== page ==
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Complainant Name:
Mrs Janet M Rutherford

Clauses Noted: 3, 4

Publication: Daily Record


Mrs Janet M Rutherford of Glasgow complained that the Daily Record identified and published details about her 15 year old daughter in articles on 10 and 11 June 1996 headlined "Docs clash on Mad Cow scare girl" and "'Mad Cow' girl Helen goes back to school" respectively, and also linked the girl with a story about her brother which appeared on 17 June, all thereby invading the girl's and the family's privacy in breach of Clause 4 (Privacy) of the Code of Practice. The complainant also raised complaints under Clause 8 (Harassment) of the Code.



The Commission considered that there had been an intrusion into the privacy of the complainant's daughter and the family. Publication of the identity of the patient was not essential to informing the public of the vital information about the illness and diagnosis, and indeed any doubts about the diagnosis. While the Commission had some sympathy with the newspaper's eagerness to publish along with other newspapers which were likely to carry the story, it was nevertheless unacceptable to breach the Code in this way.

The complaint of intrusion into privacy was upheld.

Under the complaint about harassment, the complainant described a period of intense media interest resulting in constant media presence near her home and her daughter's school for nearly two weeks. She supplied a copy of a letter to her and her husband from the newspaper's chief reporter asking if they wished to talk about their daughter and that, if they did so, the story would be treated in a sensitive way. She said the newspaper had also visited her sister's home requesting an interview.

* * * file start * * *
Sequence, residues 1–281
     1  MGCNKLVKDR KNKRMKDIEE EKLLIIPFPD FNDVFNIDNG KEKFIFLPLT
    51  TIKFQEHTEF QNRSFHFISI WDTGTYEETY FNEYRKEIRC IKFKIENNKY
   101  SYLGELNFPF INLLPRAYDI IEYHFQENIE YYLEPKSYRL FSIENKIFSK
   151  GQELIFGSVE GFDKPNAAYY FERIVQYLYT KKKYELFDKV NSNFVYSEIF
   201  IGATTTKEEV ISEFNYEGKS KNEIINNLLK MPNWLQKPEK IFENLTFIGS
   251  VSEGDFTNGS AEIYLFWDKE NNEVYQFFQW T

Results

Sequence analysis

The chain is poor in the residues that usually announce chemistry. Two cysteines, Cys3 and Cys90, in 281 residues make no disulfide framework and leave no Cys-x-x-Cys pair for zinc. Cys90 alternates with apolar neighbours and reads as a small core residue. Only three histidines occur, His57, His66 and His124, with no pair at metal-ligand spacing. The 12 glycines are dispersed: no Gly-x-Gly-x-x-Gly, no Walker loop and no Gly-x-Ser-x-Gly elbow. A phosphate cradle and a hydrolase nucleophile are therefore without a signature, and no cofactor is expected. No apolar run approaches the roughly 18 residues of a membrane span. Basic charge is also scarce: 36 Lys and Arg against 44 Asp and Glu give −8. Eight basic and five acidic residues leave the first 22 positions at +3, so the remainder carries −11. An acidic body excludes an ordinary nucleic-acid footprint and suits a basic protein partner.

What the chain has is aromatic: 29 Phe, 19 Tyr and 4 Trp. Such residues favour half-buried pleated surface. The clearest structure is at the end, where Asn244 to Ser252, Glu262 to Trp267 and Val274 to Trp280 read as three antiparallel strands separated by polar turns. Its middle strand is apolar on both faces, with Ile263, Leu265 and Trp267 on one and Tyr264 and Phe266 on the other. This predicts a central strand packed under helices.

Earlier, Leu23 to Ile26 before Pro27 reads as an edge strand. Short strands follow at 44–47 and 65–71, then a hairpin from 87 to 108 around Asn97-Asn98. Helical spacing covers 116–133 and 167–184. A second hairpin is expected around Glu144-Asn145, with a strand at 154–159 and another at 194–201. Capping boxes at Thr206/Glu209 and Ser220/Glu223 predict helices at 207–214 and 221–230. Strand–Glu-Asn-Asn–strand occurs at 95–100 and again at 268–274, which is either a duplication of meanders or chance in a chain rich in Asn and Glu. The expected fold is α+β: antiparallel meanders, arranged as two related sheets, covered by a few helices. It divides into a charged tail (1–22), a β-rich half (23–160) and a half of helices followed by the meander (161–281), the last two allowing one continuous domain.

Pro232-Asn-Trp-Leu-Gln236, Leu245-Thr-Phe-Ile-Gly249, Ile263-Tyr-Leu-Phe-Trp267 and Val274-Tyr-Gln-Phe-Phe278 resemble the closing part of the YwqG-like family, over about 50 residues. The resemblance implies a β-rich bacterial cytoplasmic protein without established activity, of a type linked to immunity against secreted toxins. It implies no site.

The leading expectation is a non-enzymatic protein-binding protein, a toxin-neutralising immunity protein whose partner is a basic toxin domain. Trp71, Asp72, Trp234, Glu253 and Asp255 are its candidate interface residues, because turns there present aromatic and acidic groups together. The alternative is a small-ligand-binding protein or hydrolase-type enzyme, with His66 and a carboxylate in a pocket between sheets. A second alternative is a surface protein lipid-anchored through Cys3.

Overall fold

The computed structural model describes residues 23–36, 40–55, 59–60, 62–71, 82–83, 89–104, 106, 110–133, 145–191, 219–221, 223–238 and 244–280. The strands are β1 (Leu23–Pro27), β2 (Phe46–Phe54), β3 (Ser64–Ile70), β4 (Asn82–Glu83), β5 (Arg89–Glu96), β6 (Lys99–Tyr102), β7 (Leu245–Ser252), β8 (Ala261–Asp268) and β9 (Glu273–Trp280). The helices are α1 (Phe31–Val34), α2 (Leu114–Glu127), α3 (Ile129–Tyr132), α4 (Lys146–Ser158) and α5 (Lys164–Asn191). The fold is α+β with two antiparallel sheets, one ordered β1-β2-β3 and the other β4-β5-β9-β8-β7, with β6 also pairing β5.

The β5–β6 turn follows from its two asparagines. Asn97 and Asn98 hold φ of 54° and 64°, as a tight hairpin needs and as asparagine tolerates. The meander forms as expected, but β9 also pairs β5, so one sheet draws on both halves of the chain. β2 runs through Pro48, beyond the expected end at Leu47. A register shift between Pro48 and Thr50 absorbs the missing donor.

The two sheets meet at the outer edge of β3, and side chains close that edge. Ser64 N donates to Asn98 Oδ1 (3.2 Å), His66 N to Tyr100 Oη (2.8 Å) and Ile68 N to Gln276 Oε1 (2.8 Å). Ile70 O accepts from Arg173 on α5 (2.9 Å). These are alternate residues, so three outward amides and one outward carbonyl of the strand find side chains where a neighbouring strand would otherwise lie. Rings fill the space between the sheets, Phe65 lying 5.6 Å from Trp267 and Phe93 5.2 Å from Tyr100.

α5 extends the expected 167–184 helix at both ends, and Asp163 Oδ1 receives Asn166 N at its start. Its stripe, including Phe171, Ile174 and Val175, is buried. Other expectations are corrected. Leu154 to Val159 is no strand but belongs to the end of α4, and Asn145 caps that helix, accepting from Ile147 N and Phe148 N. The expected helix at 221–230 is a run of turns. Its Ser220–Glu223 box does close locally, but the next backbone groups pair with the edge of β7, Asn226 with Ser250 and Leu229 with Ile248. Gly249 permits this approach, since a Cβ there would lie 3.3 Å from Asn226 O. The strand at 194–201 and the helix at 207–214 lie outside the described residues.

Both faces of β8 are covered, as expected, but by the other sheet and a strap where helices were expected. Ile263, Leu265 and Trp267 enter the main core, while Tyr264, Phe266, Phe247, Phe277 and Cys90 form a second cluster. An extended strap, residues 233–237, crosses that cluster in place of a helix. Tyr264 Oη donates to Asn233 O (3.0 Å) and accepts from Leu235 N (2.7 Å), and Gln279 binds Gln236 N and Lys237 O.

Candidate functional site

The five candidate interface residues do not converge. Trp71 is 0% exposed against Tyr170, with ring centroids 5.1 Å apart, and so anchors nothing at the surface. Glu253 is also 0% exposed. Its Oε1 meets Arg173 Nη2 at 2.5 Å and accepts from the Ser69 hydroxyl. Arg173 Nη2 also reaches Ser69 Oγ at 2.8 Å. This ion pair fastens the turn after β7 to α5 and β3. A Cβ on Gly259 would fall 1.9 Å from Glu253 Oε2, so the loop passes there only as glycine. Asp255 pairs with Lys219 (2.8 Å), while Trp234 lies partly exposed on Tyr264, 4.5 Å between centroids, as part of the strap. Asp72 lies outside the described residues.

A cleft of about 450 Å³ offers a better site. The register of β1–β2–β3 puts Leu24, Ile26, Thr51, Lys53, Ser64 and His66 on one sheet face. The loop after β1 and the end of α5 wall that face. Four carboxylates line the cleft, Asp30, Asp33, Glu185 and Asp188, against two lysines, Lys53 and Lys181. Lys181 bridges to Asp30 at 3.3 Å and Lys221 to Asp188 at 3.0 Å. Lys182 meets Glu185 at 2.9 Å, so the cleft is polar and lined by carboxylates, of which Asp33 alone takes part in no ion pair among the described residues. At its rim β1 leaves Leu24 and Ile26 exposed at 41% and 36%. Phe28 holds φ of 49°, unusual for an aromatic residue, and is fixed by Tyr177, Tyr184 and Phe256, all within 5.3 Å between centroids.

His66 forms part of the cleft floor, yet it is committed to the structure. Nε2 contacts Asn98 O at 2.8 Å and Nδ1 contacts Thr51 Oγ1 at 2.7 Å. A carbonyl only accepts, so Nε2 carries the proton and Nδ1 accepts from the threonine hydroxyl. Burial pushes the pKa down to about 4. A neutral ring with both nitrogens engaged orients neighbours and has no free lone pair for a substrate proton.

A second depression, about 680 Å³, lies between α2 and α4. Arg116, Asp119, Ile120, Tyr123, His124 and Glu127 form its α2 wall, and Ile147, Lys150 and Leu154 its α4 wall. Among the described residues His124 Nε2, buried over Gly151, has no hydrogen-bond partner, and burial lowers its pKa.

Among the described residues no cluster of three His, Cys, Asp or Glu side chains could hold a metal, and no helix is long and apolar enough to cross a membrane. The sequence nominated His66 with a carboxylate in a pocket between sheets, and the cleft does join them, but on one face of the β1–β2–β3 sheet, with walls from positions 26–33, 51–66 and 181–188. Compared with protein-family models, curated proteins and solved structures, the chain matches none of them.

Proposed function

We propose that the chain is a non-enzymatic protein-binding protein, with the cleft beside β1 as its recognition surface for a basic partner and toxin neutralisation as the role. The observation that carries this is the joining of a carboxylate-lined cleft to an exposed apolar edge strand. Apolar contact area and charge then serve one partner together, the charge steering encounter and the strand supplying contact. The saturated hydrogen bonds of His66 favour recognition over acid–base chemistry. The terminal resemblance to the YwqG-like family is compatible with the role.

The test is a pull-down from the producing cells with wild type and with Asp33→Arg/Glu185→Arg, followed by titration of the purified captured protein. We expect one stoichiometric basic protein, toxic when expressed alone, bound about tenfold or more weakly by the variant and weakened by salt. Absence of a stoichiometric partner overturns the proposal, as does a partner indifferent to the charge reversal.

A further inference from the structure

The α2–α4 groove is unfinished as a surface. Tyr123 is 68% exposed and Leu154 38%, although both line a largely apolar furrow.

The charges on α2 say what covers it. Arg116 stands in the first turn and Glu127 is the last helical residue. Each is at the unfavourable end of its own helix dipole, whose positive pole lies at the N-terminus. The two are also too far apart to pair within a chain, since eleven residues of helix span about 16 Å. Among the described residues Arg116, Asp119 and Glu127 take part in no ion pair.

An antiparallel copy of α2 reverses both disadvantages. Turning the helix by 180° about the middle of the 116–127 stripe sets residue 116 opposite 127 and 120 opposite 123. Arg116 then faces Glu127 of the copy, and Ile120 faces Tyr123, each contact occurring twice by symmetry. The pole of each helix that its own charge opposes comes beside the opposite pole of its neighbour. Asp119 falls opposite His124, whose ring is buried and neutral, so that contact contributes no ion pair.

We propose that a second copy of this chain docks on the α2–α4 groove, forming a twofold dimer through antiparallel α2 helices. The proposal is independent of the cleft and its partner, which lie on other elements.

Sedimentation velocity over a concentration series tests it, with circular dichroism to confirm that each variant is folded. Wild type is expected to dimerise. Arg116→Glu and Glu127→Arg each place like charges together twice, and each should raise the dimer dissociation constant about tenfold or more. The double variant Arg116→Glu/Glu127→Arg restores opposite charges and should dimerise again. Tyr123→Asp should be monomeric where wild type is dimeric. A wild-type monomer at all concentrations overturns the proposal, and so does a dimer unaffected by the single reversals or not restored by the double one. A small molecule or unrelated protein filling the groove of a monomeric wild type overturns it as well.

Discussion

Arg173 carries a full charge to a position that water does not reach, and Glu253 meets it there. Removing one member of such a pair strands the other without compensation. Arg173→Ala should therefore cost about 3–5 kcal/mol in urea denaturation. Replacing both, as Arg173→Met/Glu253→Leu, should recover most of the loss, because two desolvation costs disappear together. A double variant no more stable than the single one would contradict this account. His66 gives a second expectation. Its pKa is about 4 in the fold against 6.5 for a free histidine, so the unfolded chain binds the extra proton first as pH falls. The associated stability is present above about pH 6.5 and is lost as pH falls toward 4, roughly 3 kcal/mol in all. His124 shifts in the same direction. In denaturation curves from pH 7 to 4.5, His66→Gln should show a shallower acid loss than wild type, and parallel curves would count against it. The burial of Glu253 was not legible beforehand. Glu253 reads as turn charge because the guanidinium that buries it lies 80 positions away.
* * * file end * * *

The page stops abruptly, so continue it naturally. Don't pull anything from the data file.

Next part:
The newspaper denied any harassment or persistent enquiries at home and the work place in breach of the Code but apologised if the complainant considered that the newspaper contributed to the family's stress. There had been no indication that an interview would not be forthcoming. The newspaper would have been sympathetic if the family had indicated this.

The Commission did not consider that there was clear evidence that the newspaper's representatives acting on their own had breached Clause 8 (Harassment) of the Code and made no finding on this part of the complaint.

Against that background, the Commission was concerned to learn of the harassment experienced by the complainant and her family from repeated and uninvited approaches at home, in person and by telephone, at the work place and at her children's schools.

It noted that such pressure inevitably resulted from the combination of a few enquiries from each of many sources - and while it found no clear evidence of harassment from this newsaper, had much sympathy with the complainant. The Commission believed that this was an example of what was effectively collective (if unintentional) harassment - which could occur when a large number of enquiries from different sources were being made of people who found themselves at the centre of an interesting news story.

While in this case the Commission did not find evidence to justify criticising this or any other individual newspaper, it would not hesitate to do so if in a future case it became apparent that an individual newspaper or reporter either played a leading part in unjustified collective harassment or did not desist when personally asked to do so.


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